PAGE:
Professor Mark J. Perry's Blog for Economics and Finance
Posted 8:42 PM Post Link
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My god... Youngstown was a candidate for MOST depressed town in America for the last 35 years........ and now it is a boomtown?Talk about a reversal.The bigger cities near that region are Cleveland and Pittsburgh, both of which have seen declining populations for the last 35 years. Unlike North Dakota which does not have the infrastructure to take in 50,000 new jobs, this region already has a glut of housing, etc. from the prior population decline. It couldn't be more perfect of a place for an oil boom.
30 miles east of me..."boom" is an unfortunate metaphor...a lot of the local people are unhappy about the earthquakes, which USGS & ODNR both agree, were caused by the nearby frack water injection well: http://www.scientificamerican.com/article.cfm?id=ohio-earthquake-likely-caused-by-fracking
"...a lot of the local people are unhappy about the earthquakes, which USGS & ODNR both agree, were caused by the nearby frack water injection well" -- rjsDon't you have a "global warming" conference to go to?
I would say that it is not going to be a boom-town. The US is in decline because the Fed's liquidity injections are destroying the currency and the real economy.
Well dang rjs that's pretty funny quoting a once credible magazine that is now a propaganda rag for the hystertical AGW proponents...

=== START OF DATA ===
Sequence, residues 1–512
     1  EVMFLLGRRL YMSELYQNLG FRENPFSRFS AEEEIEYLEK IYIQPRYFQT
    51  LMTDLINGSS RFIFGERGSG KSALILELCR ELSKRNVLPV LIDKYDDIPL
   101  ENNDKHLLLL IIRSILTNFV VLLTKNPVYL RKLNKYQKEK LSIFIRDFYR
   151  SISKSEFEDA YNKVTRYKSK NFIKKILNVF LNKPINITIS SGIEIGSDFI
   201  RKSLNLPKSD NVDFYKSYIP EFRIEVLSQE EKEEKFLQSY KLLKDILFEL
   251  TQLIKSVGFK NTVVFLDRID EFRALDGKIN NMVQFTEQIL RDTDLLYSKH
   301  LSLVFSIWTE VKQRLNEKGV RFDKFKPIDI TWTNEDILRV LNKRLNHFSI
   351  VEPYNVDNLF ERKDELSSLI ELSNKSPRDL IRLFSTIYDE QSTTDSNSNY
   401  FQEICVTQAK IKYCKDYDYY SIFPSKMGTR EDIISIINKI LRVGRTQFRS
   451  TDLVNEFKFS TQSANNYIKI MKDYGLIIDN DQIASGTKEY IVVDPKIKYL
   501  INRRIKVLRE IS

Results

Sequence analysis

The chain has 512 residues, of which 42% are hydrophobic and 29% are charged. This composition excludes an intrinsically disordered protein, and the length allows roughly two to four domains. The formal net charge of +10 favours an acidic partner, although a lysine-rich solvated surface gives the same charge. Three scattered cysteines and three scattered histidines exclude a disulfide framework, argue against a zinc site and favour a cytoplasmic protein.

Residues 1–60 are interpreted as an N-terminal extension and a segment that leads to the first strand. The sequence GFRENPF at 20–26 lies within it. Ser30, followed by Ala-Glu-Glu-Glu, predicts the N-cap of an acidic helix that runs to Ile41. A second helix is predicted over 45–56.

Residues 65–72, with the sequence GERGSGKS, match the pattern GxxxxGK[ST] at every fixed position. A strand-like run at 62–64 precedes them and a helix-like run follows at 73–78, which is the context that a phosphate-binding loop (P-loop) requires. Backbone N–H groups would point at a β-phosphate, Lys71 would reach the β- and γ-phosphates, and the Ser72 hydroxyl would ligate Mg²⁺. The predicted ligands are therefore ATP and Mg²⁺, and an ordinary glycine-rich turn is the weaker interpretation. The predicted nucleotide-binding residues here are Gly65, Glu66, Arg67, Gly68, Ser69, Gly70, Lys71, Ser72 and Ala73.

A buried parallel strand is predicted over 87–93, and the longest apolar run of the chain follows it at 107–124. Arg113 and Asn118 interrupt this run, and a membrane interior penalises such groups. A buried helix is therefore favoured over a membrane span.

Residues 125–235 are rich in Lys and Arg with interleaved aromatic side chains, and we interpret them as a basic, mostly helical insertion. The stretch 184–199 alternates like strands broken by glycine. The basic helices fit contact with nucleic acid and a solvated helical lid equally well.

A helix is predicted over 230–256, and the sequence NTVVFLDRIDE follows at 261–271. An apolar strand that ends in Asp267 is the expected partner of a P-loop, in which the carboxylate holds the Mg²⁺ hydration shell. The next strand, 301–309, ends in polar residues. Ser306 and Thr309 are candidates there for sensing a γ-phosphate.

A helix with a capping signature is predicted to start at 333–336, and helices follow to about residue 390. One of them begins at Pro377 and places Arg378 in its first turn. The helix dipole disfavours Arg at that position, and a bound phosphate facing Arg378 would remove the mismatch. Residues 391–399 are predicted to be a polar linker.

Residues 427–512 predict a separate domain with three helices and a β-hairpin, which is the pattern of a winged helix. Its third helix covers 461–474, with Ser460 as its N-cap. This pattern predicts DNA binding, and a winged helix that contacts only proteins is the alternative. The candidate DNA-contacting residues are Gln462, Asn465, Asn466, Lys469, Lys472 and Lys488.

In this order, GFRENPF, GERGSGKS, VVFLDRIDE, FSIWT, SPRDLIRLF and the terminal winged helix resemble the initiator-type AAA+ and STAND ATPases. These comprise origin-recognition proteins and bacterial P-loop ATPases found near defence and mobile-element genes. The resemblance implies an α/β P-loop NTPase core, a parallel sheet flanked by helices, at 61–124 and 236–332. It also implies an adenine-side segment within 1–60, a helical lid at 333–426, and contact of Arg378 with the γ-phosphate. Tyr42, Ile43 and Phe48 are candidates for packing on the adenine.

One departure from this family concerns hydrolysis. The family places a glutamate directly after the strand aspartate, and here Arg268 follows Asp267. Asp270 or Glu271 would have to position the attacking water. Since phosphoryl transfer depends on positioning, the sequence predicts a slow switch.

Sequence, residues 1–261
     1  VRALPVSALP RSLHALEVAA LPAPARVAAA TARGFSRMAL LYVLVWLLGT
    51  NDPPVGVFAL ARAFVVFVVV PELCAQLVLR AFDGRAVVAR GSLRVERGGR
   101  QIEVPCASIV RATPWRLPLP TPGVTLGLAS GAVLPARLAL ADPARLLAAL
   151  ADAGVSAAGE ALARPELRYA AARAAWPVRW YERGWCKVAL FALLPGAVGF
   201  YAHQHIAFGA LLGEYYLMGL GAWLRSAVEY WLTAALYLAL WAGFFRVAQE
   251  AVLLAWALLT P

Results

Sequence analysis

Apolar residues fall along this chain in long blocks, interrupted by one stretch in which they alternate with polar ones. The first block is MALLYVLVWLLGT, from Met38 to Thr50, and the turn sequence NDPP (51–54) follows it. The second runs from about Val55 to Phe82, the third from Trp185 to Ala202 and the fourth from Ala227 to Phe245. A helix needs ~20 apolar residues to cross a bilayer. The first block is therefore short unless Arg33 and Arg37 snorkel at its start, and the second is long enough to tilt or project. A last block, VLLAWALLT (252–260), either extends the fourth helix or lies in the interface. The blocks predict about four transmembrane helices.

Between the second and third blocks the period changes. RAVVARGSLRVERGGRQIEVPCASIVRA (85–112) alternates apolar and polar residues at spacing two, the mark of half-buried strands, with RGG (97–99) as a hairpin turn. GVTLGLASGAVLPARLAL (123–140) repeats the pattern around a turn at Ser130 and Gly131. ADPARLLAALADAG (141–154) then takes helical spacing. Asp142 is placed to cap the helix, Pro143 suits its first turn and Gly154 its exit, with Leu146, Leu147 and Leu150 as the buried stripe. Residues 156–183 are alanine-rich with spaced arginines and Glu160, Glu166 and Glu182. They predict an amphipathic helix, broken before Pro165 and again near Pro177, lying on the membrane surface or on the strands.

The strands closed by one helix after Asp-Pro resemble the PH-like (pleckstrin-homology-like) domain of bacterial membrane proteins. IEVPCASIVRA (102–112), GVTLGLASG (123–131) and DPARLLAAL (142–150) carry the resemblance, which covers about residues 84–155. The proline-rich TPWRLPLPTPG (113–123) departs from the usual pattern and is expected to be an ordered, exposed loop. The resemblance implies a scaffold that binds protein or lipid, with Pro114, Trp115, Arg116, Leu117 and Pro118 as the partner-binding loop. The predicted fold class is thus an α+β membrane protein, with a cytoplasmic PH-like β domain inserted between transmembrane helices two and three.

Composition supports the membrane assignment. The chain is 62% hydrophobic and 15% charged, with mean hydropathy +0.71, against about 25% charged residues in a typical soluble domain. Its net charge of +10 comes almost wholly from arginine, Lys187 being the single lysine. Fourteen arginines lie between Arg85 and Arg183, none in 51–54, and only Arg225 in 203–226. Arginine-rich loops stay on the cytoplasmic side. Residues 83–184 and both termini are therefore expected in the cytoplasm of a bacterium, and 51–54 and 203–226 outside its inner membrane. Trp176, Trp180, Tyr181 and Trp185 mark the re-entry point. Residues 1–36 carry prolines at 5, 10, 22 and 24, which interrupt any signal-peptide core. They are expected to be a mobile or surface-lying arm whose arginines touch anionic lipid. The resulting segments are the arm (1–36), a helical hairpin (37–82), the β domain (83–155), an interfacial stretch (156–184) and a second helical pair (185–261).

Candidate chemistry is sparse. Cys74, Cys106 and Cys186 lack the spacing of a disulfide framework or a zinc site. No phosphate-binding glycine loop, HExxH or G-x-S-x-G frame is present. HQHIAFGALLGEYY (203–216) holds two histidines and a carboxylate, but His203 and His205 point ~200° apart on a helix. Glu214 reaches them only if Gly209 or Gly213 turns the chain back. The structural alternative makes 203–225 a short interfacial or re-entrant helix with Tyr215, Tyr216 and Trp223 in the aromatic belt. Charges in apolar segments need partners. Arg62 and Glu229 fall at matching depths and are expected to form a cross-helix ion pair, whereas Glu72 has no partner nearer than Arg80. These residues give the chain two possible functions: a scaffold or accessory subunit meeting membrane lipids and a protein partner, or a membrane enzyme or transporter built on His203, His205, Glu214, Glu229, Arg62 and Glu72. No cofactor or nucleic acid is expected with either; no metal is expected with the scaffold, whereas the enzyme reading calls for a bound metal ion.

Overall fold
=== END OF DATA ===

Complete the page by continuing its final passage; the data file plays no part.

I dont think there are enough storage spaces for all the gas they are pumping out of the ground. Also there arent enough gas-powered plants to uses up the gas. With the record low prices and max capabilities to use them, i wonder if this boom will continue and if it does for how long before it stalls.
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Dr. Mark J. Perry is a professor of economics and finance in the School of Management at the Flint campus of the University of Michigan.
Perry holds two graduate degrees in economics (M.A. and Ph.D.) from George Mason University near Washington, D.C. In addition, he holds an MBA degree in finance from the Curtis L. Carlson School of Management at the University of Minnesota. In addition to a faculty appointment at the University of Michigan-Flint, Perry is also a visiting scholar at The American Enterprise Institute in Washington, D.C.
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